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Remove Lump After Every Cook!?!

Peter CreaseyPeter Creasey Posts: 253
edited 7:17AM in EggHead Forum
After experiencing a few cases where the fire was slow or unable to reach the desired temperature apparently due to reduced air flow, I have been removing the lump after every cook and cleaning out the ashes.

I save the removed lump and then for the next cook after putting new lump in I pour the removed lump on top of the new lump (so that the removed lump is not wasted).

This system has worked well but it is more trouble.

How many people here see the merits (or demerits) of my strategy?

All feedback appreciated.

Comments

  • nah, just stir the lump around to shake the ash through the grate into the bottom of the egg and rake the ash out through the bottom vent before adding fresh lump to whats already there. ...i've never removed the old lump in my life ...only thing i do is when i've completely burned a full load of lump to the point where all thats left is a tiny bit of lump with a lot of ash, i'll pull the fire grate and completely clean out all the ash, but thats it .. .

    only other you can do, if you don't have a wiggle rod, is take a wire coat hanger apart and use the end to clean out the holes in the fire grate by bending it and poking it up through the bottom vent and through the holes, you get better air flow that way. ..cleans out any clogged ash in the grate holes. ...
  • AZRPAZRP Posts: 10,116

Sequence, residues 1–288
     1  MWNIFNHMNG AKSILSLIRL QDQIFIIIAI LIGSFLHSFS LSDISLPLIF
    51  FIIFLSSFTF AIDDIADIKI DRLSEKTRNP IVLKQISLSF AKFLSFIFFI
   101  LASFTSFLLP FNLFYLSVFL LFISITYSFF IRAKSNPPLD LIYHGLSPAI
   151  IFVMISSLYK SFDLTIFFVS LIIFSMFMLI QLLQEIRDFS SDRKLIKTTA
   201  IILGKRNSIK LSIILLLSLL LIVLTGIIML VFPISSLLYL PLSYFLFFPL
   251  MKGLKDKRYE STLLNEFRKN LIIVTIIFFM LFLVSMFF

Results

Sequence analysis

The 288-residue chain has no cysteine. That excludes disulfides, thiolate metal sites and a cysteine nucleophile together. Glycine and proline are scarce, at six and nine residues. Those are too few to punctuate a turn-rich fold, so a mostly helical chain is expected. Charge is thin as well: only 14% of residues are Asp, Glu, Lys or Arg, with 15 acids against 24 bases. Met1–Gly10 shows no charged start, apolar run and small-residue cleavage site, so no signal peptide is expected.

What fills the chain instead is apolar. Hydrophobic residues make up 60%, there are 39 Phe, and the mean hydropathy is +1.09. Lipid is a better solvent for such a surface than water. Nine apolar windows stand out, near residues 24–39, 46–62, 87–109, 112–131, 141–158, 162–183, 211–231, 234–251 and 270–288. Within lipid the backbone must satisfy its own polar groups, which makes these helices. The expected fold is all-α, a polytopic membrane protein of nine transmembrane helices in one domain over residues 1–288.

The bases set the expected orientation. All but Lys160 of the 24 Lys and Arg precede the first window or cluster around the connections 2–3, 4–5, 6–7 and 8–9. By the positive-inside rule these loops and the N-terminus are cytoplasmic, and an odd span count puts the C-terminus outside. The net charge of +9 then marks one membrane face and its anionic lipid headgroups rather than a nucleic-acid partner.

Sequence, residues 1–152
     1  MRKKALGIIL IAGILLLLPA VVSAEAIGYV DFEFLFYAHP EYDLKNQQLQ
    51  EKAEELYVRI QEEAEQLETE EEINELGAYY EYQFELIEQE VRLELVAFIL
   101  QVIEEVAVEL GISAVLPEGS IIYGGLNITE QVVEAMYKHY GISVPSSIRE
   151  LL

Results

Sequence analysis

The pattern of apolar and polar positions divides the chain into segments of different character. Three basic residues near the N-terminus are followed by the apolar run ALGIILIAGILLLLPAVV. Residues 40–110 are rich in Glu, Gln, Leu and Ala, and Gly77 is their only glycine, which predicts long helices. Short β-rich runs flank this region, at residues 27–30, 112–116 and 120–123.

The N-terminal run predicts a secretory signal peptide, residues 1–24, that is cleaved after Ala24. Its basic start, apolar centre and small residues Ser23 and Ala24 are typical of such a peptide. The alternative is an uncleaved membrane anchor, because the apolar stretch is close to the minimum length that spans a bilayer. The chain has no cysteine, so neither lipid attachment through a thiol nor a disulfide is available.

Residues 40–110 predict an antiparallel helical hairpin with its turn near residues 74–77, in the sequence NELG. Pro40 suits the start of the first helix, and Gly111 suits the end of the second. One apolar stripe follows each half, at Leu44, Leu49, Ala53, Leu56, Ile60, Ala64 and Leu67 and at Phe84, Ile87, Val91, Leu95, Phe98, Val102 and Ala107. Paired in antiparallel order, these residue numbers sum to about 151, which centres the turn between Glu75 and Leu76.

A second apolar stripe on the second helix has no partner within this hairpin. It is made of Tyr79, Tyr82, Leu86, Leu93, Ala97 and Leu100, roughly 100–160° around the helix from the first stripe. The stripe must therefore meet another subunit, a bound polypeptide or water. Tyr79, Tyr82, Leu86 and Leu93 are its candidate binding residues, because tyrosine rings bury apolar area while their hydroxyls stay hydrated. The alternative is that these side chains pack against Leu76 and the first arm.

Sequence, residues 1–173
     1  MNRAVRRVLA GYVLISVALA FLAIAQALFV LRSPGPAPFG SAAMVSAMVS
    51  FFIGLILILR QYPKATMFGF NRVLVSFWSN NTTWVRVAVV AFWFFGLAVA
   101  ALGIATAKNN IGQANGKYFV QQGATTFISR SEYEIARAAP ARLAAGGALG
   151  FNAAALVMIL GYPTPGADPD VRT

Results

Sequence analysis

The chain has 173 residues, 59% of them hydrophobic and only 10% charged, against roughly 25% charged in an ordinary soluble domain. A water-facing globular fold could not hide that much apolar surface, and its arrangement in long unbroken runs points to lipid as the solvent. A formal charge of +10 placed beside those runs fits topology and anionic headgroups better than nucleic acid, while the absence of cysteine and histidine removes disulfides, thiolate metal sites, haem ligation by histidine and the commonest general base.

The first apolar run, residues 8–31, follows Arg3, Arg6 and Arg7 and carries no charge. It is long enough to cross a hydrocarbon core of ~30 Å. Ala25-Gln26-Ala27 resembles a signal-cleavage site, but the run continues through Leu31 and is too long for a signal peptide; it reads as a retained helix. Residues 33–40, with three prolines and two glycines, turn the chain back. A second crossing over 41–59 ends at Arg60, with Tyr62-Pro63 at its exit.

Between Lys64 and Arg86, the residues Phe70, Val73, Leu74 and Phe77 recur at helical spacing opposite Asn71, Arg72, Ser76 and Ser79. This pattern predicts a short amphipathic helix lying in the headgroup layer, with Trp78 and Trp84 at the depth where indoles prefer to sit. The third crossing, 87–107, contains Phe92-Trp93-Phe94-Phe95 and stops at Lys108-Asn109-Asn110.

I never pull the old lump either, and that new ash pan from BGE is fantastic. I can scrape out the ashes without dropping any on the porch. -RP
  • fishlessmanfishlessman Posts: 21,866
    i just stir it up real good, i might start out with a full load of fresh and just keep relighting it and not add anything. as the lump disapears thru the various cooks the air flow increases, i dont add every cook and ill do certian cooks with just a handful of lump in there, just like the old literature said to do. if im doing a big low and slow, ill clean it out better.
  • RRPRRP Posts: 21,300
    no way! Just stir add and go. In fact I'll predict if you go to this much hassle every time you'll start enjoying it less and less and soon revert to the on/off of a gasser!
    L, M, S, Mini
    Ron
    Dunlap, IL
    Re-gasketing AMERICA one yard at a time...


  • mad max beyond eggdome wrote:
    nah, just stir the lump around to shake the ash through the grate into the bottom of the egg and rake the ash out through the bottom vent before adding fresh lump to whats already there. ...i've never removed the old lump in my life ...only thing i do is when i've completely burned a full load of lump to the point where all thats left is a tiny bit of lump with a lot of ash, i'll pull the fire grate and completely clean out all the ash, but thats it .. .

    only other you can do, if you don't have a wiggle rod, is take a wire coat hanger apart and use the end to clean out the holes in the fire grate by bending it and poking it up through the bottom vent and through the holes, you get better air flow that way. ..cleans out any clogged ash in the grate holes. ...